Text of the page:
Elizabeth Ploetz, doctoral student in chemistry, participated in the 2013 Nobel Laureate meetings in Lindau, Germany, June 30-July 5. She describes her experience below:
Describe your experience participating in the 2013 Nobel Laureate meetings.
Before traveling to Lindau, Germany, the U.S. delegation met in Washington, D.C., for an orientation meeting. We heard talks from representatives of the various groups funding the trip and then traveled together to Lindau for the week long 63rd Lindau Nobel Laureate Meeting dedicated to chemistry.
During morning sessions, several laureates gave short, formal lectures. In the afternoons, laureates held informal discussion sessions with the young researchers. Concurrently, laureates held “master classes” in which they critiqued a young researcher’s research presentation, led workshops on presentation skills and sat on panel discussions on the topics of scientific communication, chemical energy conversion and storage.
Meals were equally stimulating. The days started with “science breakfasts” on topics such as global energy, the environment and quantum information processing. One evening the U.S. delegation hosted a dinner for students from around the world, another evening consisted of an international get-together hosted by the Republic of Korea, another night we had a cookout with Lindau citizens, and one night we had a Bavarian evening upon invitation of the Elite Network of Bavaria and the Free State of Bavaria. The students and laureates ate together during these meals.
What are some highlights of your experience?
The biggest highlight of the trip was hearing the nobel laureates’ personal stories. These are the things that don’t make it into scientific journals, but from which I and the other young researchers did, and will continue to, draw great inspiration from. Some of the laureates emphasized the importance of family and extracurricular activities and some explained how they overcame criticism of their work and ideas.
What was the most memorable experience from your trip?
One of my most memorable experiences took place during a lecture and discussion session held by Walter Kohn. Kohn won the Nobel Prize in Chemistry in 1998 for the development of Density Functional Theory, but for this meeting he had prepared a presentation about his current research. When I first walked into the room and saw the title of the presentation, “Macular Distortion-Diagnosis and Correction,” I was quite confused, but the presentation was thoroughly heart-warming and turned out to be one of my favorites.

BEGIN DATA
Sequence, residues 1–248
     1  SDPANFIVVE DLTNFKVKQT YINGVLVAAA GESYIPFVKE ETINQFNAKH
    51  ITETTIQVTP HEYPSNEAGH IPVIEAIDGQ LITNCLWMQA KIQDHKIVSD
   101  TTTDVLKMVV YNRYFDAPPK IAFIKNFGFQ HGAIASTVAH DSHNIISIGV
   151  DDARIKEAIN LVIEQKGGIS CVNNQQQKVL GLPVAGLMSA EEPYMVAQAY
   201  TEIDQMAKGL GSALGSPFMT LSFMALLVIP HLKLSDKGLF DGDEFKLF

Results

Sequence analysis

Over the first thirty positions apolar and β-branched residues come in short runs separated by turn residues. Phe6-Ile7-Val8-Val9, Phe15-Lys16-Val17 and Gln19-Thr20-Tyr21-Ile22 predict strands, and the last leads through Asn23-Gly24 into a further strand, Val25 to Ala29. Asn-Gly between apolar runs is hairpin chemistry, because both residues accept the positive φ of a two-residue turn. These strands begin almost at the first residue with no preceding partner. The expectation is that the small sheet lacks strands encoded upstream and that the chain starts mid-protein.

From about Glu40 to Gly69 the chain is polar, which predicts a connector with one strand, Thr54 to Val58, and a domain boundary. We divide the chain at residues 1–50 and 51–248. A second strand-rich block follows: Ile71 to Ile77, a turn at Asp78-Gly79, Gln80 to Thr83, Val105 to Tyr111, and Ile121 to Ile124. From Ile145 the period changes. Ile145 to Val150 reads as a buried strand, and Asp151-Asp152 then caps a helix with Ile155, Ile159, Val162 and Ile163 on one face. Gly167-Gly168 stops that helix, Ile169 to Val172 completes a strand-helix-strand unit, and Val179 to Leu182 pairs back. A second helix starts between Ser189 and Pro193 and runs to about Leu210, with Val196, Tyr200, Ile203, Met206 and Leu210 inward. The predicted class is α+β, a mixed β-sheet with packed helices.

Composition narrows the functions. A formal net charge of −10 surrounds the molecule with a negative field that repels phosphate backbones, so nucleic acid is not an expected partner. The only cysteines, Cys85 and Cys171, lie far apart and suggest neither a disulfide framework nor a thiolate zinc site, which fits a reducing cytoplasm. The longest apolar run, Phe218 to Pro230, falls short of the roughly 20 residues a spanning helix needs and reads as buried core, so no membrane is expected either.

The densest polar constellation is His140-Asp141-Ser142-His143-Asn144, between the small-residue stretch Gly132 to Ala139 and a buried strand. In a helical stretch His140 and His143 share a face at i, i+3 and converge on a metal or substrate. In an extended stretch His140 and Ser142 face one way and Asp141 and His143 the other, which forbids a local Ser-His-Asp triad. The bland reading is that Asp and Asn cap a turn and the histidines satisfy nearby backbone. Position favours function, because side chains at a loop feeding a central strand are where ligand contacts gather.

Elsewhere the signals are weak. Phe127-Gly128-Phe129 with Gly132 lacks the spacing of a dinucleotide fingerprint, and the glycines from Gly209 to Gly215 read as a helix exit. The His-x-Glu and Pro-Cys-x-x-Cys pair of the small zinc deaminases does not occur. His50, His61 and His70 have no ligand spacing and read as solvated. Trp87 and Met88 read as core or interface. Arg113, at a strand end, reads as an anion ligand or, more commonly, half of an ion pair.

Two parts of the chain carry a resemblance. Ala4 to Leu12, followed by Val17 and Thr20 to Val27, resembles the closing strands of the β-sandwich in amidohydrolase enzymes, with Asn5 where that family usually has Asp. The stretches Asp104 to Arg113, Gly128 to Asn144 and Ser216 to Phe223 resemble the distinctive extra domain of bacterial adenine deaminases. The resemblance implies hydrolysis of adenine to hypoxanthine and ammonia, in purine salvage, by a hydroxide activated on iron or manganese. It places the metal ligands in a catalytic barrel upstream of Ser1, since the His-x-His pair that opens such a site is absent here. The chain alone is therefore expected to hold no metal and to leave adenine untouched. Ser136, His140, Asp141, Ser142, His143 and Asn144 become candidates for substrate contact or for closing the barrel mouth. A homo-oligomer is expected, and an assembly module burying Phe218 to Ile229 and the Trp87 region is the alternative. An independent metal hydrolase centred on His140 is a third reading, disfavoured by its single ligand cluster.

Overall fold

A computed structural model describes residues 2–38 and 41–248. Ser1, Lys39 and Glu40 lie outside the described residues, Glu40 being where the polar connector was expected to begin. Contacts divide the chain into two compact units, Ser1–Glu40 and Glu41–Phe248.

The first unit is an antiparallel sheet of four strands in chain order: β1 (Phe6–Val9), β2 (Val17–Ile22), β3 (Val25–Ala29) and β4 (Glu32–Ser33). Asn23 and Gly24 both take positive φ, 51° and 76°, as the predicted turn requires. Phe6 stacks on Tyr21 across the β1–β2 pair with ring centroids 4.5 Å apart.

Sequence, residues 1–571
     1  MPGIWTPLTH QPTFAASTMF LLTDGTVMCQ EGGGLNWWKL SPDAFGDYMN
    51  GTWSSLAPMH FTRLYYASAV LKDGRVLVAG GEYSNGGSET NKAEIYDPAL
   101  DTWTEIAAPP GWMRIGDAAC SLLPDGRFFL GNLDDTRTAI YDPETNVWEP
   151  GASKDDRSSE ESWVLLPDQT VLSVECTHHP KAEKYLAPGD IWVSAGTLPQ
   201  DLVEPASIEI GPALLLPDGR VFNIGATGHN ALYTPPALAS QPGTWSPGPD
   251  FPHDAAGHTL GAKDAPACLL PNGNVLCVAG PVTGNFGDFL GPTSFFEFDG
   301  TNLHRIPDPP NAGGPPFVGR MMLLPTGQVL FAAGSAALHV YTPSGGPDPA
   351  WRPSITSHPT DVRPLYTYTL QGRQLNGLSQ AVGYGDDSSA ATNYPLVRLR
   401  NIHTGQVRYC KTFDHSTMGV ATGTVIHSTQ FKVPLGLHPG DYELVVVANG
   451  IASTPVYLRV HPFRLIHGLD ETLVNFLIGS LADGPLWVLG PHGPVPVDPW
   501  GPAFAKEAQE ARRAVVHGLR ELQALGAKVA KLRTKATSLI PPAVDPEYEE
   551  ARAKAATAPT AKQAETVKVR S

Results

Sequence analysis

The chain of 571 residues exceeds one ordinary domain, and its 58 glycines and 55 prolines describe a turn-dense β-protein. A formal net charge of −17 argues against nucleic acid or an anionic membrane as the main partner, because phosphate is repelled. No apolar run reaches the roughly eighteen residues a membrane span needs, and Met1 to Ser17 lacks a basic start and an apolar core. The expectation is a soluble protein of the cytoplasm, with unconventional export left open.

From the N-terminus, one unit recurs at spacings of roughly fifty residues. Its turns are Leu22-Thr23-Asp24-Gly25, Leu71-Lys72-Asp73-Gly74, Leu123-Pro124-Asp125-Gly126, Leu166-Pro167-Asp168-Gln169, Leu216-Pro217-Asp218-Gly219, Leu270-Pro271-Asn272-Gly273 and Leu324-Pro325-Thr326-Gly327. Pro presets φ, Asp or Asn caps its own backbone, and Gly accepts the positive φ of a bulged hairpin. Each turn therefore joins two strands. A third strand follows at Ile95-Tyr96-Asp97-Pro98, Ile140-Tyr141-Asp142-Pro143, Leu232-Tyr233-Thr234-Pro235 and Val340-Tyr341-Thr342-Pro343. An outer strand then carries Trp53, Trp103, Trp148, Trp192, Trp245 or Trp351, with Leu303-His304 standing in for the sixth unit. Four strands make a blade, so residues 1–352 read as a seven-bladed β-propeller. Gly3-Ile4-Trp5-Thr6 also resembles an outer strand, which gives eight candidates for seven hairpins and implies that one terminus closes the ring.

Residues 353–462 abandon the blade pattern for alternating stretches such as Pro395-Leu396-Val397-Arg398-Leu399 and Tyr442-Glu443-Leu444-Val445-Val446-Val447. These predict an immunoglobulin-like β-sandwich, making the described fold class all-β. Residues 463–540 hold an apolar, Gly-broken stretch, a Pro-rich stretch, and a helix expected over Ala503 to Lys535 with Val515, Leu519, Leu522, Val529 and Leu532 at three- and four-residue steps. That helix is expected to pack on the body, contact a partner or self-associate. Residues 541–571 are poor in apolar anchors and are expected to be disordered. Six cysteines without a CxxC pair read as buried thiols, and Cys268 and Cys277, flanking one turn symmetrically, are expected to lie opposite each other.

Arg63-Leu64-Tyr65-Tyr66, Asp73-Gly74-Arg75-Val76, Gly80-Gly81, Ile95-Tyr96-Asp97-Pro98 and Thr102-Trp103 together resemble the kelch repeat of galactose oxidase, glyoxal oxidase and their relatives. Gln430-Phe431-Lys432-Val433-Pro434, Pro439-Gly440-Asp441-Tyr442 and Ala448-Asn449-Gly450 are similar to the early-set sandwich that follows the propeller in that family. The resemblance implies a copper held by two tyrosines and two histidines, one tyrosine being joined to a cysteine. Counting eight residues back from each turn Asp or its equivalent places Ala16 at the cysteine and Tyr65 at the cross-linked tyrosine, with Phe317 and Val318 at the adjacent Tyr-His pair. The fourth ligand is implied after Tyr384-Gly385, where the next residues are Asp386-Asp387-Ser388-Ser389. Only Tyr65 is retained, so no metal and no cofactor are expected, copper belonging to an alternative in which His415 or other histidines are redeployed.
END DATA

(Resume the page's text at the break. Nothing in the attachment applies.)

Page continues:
Kohn told us how his wife was diagnosed with age-related macular degeneration (AMD) and how he had collaborated with her ophthalmologist and others, including the University of California Santa Barbara machine shop, to create a refractive contoured optical slab that reduced the macular distortion that his wife, and others with AMD, experience. This story was inspirational on many levels. Firstly, it was refreshing to see that Kohn was still engaged in scientific research many years after receiving his award. Secondly, he was also not afraid of bridging the gap between chemistry, physics and medicine. Lastly, it was touching to see the love for his wife so clearly demonstrated.
What do you think you gained—personally and/or professionally—from participating in the Nobel Laureate meeting? How do you think the experience will benefit you in the future?
During the orientation meeting at the Department of Energy in Washington, D.C., Charles D. Pibel, a program director at the National Science Foundation, told us the story of a visit between Michael Faraday and Queen Victoria. Queen Victoria asked Faraday, “What is electricity good for?” to which Faraday reportedly responded, “Madam, what good is a baby?” Pibel then explained to us that basic science, a large portion of what the NSF funds, is like a baby. When a baby is born, no one knows what it will grow up to become. It could become a great and well-loved individual or the bane of society. However, we do not stop having babies and basic science research should not stop being funded. All throughout the week in Lindau, the nobel laureates repeated this message. Many of the laureates brought up the fact that the research they won their awards for was basic science, not applied or translational science. They greatly encouraged and affirmed those of us, like myself, who conduct basic science research.
The meeting benefited me personally and professionally because I was able to meet many excellent young researchers from around the country and the world. We exchanged business cards, we shared meals, but most importantly, we shared our challenges, our hopes and fears for the future, and our excitement about science.
What advice do you have for other graduate students about taking advantage of professional development experiences such as this one?
I would encourage other graduate students to take advantage of professional development experiences such as this one. I did not anticipate that I would actually be selected to attend the meeting, but even the process of going through the application procedure was a tremendous growth experience. I had to be introspective and also reflective on the present and possible future state of chemistry. Attending the meeting greatly expanded my network of “chemistry friends” and was unlike any other meeting I’ve ever been to or heard about. It was truly a once in a lifetime opportunity.